Contribution of patent examination to making the patent scope consistent with the invention: Evidence from Japan

Yoshimi Okada (Hitotsubashi University), Sadao Nagaoka & Yusuke Naito, “Contribution of patent examination to making the patent scope consistent with the invention: Evidence from Japan”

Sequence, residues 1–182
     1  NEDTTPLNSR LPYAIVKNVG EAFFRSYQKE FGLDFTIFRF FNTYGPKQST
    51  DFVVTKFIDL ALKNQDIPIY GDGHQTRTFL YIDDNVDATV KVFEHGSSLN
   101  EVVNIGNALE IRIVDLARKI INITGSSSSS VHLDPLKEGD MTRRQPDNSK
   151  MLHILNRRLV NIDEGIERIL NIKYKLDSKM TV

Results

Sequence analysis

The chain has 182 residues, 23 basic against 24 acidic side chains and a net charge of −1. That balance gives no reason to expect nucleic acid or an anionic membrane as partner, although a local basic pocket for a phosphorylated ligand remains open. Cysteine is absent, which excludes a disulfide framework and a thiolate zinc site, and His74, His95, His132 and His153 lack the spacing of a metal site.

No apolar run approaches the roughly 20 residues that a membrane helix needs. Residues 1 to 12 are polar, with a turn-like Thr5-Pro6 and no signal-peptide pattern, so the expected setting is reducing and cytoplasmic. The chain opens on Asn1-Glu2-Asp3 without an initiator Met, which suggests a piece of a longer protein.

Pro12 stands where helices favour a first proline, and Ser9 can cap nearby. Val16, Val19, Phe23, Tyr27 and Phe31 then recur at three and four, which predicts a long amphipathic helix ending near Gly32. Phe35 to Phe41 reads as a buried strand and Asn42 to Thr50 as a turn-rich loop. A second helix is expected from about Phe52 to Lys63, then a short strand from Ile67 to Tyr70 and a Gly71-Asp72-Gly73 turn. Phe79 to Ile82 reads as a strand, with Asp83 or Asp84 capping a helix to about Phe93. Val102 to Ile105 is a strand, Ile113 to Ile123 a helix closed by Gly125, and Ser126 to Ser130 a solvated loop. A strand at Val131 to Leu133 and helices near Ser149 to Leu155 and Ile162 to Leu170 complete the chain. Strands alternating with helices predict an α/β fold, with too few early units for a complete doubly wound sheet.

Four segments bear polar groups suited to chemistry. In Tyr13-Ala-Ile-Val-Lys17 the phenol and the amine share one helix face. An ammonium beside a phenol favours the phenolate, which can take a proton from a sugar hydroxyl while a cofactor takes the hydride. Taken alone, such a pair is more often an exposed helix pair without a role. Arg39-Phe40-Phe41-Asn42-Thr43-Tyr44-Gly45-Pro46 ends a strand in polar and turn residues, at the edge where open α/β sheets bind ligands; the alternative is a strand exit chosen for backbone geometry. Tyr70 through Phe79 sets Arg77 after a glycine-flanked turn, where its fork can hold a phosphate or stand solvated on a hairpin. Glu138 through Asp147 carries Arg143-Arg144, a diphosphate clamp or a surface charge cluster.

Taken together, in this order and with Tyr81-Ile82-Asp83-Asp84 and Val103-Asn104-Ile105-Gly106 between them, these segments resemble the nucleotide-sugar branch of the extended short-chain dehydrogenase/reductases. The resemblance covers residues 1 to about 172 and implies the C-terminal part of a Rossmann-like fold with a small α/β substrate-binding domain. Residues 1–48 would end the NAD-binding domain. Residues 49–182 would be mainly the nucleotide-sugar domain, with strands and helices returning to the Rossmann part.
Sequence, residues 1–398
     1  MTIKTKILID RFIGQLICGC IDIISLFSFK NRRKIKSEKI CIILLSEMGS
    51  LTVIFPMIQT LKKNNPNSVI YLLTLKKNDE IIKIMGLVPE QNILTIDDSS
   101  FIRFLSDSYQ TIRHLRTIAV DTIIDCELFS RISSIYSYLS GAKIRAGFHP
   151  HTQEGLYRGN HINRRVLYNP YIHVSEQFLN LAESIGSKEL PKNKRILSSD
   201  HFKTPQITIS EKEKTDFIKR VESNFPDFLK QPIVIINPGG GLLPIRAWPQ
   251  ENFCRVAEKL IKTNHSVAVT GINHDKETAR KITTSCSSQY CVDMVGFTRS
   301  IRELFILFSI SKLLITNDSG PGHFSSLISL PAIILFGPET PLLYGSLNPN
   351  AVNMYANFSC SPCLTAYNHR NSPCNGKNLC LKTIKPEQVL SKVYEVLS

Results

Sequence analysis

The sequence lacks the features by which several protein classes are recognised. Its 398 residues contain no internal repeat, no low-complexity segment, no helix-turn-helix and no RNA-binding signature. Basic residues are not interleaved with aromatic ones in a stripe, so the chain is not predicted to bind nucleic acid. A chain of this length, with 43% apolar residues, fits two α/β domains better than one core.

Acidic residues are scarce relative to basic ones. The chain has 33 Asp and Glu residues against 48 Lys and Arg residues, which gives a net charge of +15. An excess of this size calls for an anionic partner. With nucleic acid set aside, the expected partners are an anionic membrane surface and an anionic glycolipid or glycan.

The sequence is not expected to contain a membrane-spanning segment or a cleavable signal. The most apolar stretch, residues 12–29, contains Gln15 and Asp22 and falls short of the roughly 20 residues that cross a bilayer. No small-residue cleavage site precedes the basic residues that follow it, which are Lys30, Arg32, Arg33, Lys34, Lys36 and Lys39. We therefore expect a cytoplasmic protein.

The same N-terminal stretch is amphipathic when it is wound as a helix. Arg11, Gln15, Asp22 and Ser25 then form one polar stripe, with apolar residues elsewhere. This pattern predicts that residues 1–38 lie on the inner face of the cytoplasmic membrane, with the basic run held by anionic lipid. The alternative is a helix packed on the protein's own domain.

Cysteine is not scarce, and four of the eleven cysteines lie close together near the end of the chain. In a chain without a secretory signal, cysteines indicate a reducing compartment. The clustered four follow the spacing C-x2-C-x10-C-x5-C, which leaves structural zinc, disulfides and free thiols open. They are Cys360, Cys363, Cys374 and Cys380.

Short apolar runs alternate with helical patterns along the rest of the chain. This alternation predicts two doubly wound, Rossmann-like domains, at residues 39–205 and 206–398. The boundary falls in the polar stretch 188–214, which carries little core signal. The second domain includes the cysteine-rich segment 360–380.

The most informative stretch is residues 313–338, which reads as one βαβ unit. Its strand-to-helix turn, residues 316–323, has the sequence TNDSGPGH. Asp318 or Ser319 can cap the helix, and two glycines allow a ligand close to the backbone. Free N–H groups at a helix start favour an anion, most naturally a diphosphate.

Delineating the patent scope consistent with the contribution of the disclosed invention to the state of the art is one of the crucial requirements for the patent system in effectively promoting innovation. Given the incentive of a firm to claim the scope of the patent right as broad as possible, an important task of the patent office is to narrow the overbroad claims so that they become consistent with the invention. This study empirically analyzes how significantly the patent office delivers this important function through its patent examination. We found that the patent right scope very often (i.e. two thirds of the granted patents) gets narrower as the outcome of patent examination process and becomes more consistent with the invention. Both the incidence and the extent of such narrowing increase when the applicant chooses broader claims, and decrease when the quality of prior art disclosure by applicant is higher. This study covers product inventions in all major technology areas where cascaded type claim structure is dominant.